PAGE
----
The 10 companies that owed property taxes to Athabasca County are no longer in business, said Karl Kopan, communications coordinator for the county. The largest debt was accumulated by Sequoia Resources Corp.

In Westlock, the October 2019 variance report presented to county council Nov. 26 shows that for the 2019 year-to-date taxation period, the oil and gas industry (linear and associated machinery and equipment) has collected $1,748,200 in outstanding property taxes. The companies remain unnamed in Westlock.

“A further adjustment will be needed at year end that could see another $700,000 write off,” states the report, but this could be a cumulated amount reflecting all remaining municipal property taxes for 2019.

Westlock County CAO Leo Ludwig explained during a budget open house Nov. 26 that linear assessments are done by the province.

“It’s a double-whammy in a sense. On one hand, we’re losing the assessment because wells are being closed down, shut in, etc. and on the other hand, the province is changing the manual on how the assessments are done to decrease the value of what is still there,” he said in the meeting.

Some bankrupt companies are still being assessed despite their status, which Ludwig said sets municipalities up to fail. That is how assessment values, and in turn municipal revenue in the form of taxes, decreased over time. What furthers the problem is the fact that there is no punitive regulation for businesses that don’t pay property taxes.

“When it comes to the unpaid taxes, a number of years ago some oil companies discovered what we believe is a gap or a loophole in the (MGA) when it comes to collecting property tax,” said Ludwig at the meeting.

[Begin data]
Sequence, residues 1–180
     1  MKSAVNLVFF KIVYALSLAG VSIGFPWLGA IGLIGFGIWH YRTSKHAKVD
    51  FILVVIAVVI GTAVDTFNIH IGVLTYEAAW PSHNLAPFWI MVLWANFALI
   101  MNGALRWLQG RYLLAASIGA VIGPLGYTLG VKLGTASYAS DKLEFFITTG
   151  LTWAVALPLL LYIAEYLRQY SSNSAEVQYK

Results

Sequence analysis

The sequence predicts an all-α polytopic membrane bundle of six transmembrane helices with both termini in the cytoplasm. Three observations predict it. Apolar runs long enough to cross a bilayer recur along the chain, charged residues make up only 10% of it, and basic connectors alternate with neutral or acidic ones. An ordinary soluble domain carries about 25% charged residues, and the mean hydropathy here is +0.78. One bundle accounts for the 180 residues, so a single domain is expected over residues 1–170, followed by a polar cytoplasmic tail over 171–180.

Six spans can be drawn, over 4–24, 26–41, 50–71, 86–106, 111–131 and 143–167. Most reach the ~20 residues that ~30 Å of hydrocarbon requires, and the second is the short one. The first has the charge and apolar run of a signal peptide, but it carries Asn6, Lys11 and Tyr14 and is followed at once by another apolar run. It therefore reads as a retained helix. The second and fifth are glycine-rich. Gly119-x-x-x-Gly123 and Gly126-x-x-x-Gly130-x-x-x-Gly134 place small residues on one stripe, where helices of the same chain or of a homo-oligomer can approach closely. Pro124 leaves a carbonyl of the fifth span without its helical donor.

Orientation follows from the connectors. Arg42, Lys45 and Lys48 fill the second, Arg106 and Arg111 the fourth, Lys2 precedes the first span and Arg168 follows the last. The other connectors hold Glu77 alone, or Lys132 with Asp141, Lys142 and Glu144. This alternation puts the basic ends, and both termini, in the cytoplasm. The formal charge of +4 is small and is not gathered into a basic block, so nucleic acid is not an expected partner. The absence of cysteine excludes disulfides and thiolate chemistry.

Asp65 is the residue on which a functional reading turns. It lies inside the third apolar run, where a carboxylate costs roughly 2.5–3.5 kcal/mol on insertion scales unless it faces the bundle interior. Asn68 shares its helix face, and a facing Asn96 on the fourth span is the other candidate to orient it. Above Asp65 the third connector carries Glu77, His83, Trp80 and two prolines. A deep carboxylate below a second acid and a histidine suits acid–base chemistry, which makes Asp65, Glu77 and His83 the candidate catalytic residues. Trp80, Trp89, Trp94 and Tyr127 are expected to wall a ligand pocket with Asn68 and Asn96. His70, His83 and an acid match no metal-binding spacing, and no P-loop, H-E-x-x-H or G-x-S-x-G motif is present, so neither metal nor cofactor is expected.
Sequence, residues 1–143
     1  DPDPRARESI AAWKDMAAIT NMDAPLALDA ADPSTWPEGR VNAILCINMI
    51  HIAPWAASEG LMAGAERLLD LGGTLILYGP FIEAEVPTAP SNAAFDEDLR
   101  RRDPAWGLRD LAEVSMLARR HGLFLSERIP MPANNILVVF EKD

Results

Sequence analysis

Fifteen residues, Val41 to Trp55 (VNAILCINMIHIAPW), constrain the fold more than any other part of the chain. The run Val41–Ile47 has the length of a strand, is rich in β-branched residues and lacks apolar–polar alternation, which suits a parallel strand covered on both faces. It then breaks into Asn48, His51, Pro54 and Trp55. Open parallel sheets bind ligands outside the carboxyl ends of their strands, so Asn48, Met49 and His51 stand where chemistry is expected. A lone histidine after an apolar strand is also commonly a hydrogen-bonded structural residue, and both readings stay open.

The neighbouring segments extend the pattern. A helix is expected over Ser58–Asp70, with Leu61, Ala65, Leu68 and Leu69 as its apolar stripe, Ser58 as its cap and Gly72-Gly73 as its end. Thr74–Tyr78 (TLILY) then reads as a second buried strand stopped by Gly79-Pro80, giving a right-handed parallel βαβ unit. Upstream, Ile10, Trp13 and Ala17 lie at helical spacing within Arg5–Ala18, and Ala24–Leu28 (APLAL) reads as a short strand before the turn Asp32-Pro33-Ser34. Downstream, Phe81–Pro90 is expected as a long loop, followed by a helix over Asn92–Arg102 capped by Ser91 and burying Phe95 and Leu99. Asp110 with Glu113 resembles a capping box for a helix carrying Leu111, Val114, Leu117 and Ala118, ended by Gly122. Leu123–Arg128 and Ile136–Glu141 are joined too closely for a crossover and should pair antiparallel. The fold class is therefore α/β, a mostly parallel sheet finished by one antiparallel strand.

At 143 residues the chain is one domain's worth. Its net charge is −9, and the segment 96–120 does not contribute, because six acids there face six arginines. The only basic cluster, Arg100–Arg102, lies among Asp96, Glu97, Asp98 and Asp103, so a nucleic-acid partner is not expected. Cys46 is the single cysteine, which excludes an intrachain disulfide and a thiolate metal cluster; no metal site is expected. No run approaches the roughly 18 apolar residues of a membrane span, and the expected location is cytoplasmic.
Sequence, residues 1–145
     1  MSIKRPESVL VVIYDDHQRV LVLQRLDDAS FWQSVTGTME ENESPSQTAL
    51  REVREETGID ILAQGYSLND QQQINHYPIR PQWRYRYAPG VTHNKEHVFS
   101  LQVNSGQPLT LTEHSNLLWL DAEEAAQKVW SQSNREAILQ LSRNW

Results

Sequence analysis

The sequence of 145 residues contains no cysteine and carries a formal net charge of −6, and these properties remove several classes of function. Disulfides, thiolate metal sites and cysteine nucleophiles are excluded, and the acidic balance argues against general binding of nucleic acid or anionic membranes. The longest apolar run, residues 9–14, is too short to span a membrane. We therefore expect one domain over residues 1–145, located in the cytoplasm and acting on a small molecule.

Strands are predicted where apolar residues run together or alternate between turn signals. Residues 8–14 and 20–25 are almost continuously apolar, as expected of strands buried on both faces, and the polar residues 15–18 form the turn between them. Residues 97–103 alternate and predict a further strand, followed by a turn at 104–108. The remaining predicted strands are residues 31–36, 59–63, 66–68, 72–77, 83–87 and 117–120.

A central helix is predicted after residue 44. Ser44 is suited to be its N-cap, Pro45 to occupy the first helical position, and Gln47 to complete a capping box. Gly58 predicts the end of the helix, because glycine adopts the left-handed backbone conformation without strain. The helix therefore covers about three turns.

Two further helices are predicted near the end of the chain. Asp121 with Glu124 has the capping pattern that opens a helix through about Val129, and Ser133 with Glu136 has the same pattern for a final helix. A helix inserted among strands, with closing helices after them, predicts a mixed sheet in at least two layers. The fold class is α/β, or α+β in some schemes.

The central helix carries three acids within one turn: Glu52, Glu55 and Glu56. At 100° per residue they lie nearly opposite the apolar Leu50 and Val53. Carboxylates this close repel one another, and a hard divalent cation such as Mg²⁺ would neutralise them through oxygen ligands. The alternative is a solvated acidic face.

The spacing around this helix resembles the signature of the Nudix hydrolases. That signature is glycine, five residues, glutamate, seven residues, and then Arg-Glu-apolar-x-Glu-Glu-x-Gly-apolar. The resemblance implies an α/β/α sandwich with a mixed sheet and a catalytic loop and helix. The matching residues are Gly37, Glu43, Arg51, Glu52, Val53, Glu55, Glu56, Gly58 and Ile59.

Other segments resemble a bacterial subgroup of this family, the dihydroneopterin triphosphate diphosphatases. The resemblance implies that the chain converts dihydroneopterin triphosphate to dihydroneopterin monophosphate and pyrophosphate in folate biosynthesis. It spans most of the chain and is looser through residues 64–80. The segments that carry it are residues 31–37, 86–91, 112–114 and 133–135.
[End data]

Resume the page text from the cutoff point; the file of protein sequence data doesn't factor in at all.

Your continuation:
Essentially, municipalities can’t put properties in that classification up for sale if they don’t pay their taxes.

As County of Barrhead administration said, there is currently no option for municipalities to recover revenue lost from their own budgets.

Ludwig explained that about three years ago there was a change, but it only applies to requisition payments: the provincial program that enables the DIRC and PERC applications which County of Barrhead has put in.

However, those credits can only be accessed once the lost property tax revenue is officially written off.

While this is of some help, it does nothing to address a municipality’s own lost revenues. Another worry, said Ludwig, is whether or not the program will be renewed.

For his part, Madu said he is aware of the problem this causes for municipalities, but wasn’t able to provide a timeline for when it will be addressed, during the press conference.

“It is a concern that I have heard as recently as the just-concluded (Rural Municipalities of Alberta) conference. I think I did indicate to them that it is something that we are looking at. Obviously, we’re not at the point where we have figured exactly how to tackle that particular issue, but I am weighing all of the suggestions,” said Madu.